It’s clear that in those years Sigma lenses were not the best made lenses, i’ve owned other Sigma lenses made in the same years as this one and they all felt like this one. Good but not as well made as Pentax, Fuji or Canon that i’ve used. The aperture ring is not smooth in operation, but i can live with it, if i drop that lens i think it would not survive unlike some of my older Pentax lenses especially the Takumar M42 lenses !

The positive thing is that the focusing ring is large, which i like to have on my lenses, i hate those tiny small focusing rings that some AF lenses have. On my lens the focusing ring is not constant, when i turn it it goes from smooth to some tension and then back to smooth, maybe it would need some tune-up of the focusing system inside. In general it’s easy to use with the OM adapter on my X-E1 because it’s a lightweight lens, if i would have bought the newer 180mm f/3.5 version the combo would have been bigger and heavier.

IQ

Usually Macro lenses are sharp and choosing from one or another one is a matter of functionality but also of focal length. This Sigma certainly can deliver images with very good details when stopped down. At f/5.6 i think it’s the weakest aperture of that lens, but from f/8 to f/16 the lens produce very good images. Being an older lens that was design before the digital era, the contrast is lower than modern Macro lenses but it’s easily corrected in PP.

Just for fun i decided to take some test shots with this Sigma 180mm and my Tamron 90mm/2.8 Macro (model 72E) to really see how good it really is. I found dead leaves in my backyard as my  subject and started at f/5.6 then f/8, f/11 and finally f/16. I was not surprised to see that the Tamron was the winner at f/5.6 since it was already stopped down 2 stops and the Sigma was W/O, if needed the Sigma can be used at f/5.6 since it’s good but not as good as the Tamron here. From f/8 to f/16 the Sigma closed the gap but i think the Tamron can still produce a little more details, but the Tamron 90mm Macro is one of the best Macro lens, in any of it’s versions that was made. Even then i think that the Sigma is more than sharp enough from f/8 to f/16 to be used without any problem, you just need a little more PP to bring some contrast in the photos.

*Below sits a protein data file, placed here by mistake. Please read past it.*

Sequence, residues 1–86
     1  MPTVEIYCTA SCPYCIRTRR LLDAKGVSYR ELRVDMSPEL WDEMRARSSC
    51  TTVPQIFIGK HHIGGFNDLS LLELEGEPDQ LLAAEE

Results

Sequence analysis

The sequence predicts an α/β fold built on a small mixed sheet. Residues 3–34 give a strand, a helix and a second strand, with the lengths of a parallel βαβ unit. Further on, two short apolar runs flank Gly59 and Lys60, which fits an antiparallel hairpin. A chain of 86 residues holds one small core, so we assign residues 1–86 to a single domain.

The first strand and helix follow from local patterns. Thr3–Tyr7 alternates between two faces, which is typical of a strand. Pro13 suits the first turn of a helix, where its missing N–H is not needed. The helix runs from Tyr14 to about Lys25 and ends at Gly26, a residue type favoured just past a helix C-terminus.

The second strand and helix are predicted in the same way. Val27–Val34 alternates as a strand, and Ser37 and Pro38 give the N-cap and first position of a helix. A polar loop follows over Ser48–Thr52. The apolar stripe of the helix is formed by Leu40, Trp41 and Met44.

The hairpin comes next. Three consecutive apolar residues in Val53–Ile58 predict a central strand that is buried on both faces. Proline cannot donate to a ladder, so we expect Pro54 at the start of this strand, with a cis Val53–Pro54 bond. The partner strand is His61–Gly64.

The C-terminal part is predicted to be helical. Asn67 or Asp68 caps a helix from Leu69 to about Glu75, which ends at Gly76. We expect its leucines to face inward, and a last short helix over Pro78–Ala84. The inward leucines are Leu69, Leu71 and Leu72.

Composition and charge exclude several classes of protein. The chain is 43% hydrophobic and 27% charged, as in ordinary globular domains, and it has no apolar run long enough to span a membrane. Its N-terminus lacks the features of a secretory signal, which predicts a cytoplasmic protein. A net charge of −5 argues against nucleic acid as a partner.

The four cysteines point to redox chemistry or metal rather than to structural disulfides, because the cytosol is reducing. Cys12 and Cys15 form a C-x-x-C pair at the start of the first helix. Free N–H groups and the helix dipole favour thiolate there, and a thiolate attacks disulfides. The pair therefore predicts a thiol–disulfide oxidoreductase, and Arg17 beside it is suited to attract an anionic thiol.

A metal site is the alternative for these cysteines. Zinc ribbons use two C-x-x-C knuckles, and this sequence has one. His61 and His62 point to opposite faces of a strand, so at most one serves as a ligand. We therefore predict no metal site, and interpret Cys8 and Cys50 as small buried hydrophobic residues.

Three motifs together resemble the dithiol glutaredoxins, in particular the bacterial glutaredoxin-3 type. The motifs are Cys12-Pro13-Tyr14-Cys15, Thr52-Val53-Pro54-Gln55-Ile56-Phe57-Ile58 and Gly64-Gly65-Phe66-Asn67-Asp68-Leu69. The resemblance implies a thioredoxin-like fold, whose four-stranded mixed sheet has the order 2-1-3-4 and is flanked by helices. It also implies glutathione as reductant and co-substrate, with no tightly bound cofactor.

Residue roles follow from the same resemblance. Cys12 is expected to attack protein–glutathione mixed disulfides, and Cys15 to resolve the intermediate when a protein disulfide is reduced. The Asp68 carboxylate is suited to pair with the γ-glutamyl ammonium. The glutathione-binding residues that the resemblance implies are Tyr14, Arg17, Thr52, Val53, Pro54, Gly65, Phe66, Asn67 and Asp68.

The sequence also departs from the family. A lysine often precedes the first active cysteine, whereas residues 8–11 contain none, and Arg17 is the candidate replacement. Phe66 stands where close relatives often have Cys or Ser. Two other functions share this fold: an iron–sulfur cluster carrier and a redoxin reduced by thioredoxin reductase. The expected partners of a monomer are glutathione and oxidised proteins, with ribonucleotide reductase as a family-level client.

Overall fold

As for the color reproduction, the Sigma has a colder rendering than the Tamron but again now with PP it’s easily corrected to your preferences. The Sigma can produce images with beautiful rendering and the Bokeh is not too bad either probably due to it’s 8 blades diaphragm.

This Green Frog was taken in a shallow pond, my tripod was nearly all in the water to get that view. I printed that photo at 8×10 inches and there is plenty of details, sharpness is very good for that size and i wouldn’t hesitate to print it bigger than that. Taken at f/8.

Here is a crop of the eye of the frog from the above photo after some PP, very good details in the eye.

For this photo i used a Polarizer to cut some reflections off the leaves. Taken at f/13 on a tripod.

Leaves frozen in ice with frost. Taken with the help of a 10mm extension tube at f/11 on a tripod.

Taken at f/13 on a tripod.

Crop from the above photo after some PP.

 

Conclusion

That’s it for now, they are my first impressions after some weeks of using it in the field, i will post more photos in future articles. So, if you need more reach in your Macro work but don’t want to break the Bank, give this lens a serious look. The Sigma 180mm/5.6 APO Macro might not be the best in any department but certainly can deliver sharp and beautiful images when you have learned how to use it at it’s best settings. Sure the newer f/3.5 and f/2.8 versions from Sigma would certainly get you sharper photos but at a big cost in size, weight and price (especially the new f/2.8 version). So if you’re on a tight budget or don’t want a heavy 180mm Macro lens this f/5.6 version can be a very good option.


Fuji XF 55-200mm, field review.